The second is a much more positive piece, with optimism from that lovely talented poet, Trisha Broomfield. She cleverly sums up how we should be feeling

New Year Lament 

Nylon underwear beneath 

Effervescent clothes 

Worn for a New Year but

Yearning for midnight and

Escape from false exuberance 

Aching to undress and get 

Ready for bed 

H Moulson 2021

Now this is Trisha’s, far more profound;

New Year Acrostic 

Never underestimate

Every person’s desire to

Will in a new and better

Year than the one before

Each one of us wishes to see sunshine

And smiles, to hear heart-warming words.

Return to the past? Why would you? 

© TB

Limerick Corner

Happy New Year, Poetry Lovers

I am falling in love with limericks, so when the lovely poet Trisha Broomfield penned this great piece, I had to share it with you all.

A great start to 2022. Thank you, Trisha, very witty and clever and most of all – cat related. An excellent mix. Do read on, you will all love it too;

Trisha’s Limerick

There was a cool poet called Trish

who had quite a penchant for fish

but up popped the cat

an end to all that

now each meal is an aubergine dish.

Wasn’t that just wonderful?! Do have a go yourselves, I’d love to see yours too. Thank you again, Trisha.

Well, PL’s, all I can say is Happy New Year to you, and lets hope 2022 is a good one!

Eye Limerick

Hello PL’s

As most of you know, I had a cataract procedure recently. The right eye now feels as if it has gravel in it, due to the eye drops, they say.

So I was feeling quite down about it all. Not only did I have to endure that odd Clockwork Orange type procedure, I had to walk the 2 miles to Roehampton hospital due to roadworks.

So when the lovely poet and friend, Sharron Green gave me this limerick, things really lit up. Read on and you’ll see what I mean. Thank you so much, Sharron. I’ll treasure this;

There was a great poet called Heather
Whose humour was light as a feather
She had an eye op
So her sight would be top
And she could bring more folks together

rhymes_n_roses 2021

Wasn’t that terrific?! I would love to do a clever limerick like that! A New Year’s resolution maybe? Thank you again, Sharron

The following collage is Dobby caring for me after my operation. I know I’m going to pay dearly for this.

Thank you for tuning in, PL’s. We’ll be back with more antics real soon…

Bitter sweet Yuletide

Hello Poetry Lovers

I thought I’d get one more seasonal piece in before Christmas Day.

Inspired by Trisha and Sharron’s pieces, I thought I’d try and get the wonderful detail those talented poets do. I also thought I’d try this structure – what fun!

Anyway, read on;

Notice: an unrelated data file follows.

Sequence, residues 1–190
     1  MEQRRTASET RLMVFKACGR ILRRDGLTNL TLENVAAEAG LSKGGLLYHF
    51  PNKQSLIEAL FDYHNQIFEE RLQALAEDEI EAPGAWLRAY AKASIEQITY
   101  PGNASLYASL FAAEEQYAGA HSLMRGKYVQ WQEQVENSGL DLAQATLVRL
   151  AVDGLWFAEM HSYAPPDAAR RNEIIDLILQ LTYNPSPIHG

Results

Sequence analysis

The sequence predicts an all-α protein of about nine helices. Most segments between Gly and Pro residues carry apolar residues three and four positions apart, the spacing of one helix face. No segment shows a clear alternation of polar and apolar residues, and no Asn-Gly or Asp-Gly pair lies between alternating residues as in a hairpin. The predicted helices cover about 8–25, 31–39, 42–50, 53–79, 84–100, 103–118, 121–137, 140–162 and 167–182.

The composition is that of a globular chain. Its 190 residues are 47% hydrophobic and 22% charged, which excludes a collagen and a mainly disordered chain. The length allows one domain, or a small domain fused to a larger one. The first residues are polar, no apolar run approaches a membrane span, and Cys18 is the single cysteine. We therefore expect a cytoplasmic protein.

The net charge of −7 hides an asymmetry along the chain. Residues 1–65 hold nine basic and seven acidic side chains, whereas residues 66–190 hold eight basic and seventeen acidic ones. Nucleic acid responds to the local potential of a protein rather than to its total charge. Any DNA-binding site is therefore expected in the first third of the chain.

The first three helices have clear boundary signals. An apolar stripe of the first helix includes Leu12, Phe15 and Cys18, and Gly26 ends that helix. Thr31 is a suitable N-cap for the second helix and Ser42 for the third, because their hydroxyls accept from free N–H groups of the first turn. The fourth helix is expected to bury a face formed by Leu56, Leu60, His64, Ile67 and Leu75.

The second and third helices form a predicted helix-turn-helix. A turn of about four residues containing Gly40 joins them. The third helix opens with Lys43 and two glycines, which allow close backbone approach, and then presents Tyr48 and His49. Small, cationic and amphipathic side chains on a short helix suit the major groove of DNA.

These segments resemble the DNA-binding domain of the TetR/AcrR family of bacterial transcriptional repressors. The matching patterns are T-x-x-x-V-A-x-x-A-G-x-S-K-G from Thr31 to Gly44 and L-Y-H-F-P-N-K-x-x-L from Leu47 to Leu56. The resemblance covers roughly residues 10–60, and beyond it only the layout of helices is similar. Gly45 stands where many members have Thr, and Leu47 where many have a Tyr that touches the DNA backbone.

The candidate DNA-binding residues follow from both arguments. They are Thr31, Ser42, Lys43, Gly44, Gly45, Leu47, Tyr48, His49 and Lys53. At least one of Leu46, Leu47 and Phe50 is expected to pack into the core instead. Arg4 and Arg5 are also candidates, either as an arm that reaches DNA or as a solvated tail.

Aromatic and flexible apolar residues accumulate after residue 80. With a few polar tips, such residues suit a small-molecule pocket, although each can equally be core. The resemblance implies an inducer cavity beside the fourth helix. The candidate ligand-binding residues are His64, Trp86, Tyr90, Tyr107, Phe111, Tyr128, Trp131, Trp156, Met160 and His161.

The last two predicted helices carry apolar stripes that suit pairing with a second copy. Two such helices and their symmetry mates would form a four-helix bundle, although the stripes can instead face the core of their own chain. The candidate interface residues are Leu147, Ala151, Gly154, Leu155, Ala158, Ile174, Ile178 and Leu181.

Christmas always reminds me of ;

The coal fire

Burnt sausage rolls 

Mince pies 

The turkey in the oven at 7 am 

Carry on films

On the telly 

I got a wooden jigsaw puzzle one year

Normally 

I hate them

Bore me stiff

I was too old for the big wooden pieces 

Loved it 

Anyway 

Christmas dinner was anti-climatic  

Dry turkey

Brussel sprouts 

Crackers loud 

Only the trifle was worth having 

Lemonade 

Sometimes 

A dark Boxing Day afternoon 

Holiday adverts

All presents  

Opened 

Parents and brother hungover  

Why do 

We bother? 

H Moulson 2021

So, PL’s, what can I really say? Except a very Happy Christmas to everyone and thank you all for tuning in this past year.

Seasons Greetings part II

Hello Poetry Lovers

Christmas draws nearer, and I have another seasonal treat to show you. This is by the lovely and clever poet, Sharron Green

I particularly liked this one because it emphasises the splendour of the season while bringing up relevant issues. I thought this was a very clever and engaging piece.

Thank you so much, Sharron, and congratulations on winning the University of Surrey’s Poetry competition. Do read on;

Christmas Countdown

Clusters of crystals glitter the rose buds

Tinsel the treetops in lullaby lanes

Snow flakes have drifted, sledging through soap suds 

Terrible torture to chubby chilblains

Down in the village, homes are bedecked now

Fairy lights garland each garden and roof

Santas on sleighs and Rudolphs project how

Each wants a visitor, this is their proof

Children have scribbled and drawn their desires

Hence all the Black Friday bargains to wrap

Chaos of gifts strewn beside roaring fires

Toxic news turns all plans made to crap

Seems that each day there’s diminishing cheer

Watching the list of do’s and don’ts grow

Twenty-one tapers, eyes turn to next year.

We’ll make the best of this Christmas though.

Rhymes_n_Roses 2021

Thank you again, Sharron and keep them coming please. Wasn’t that a wonderful piece?! It really reflected our current climate.

Stay tuned, PL’s for more seasonal antics real soon…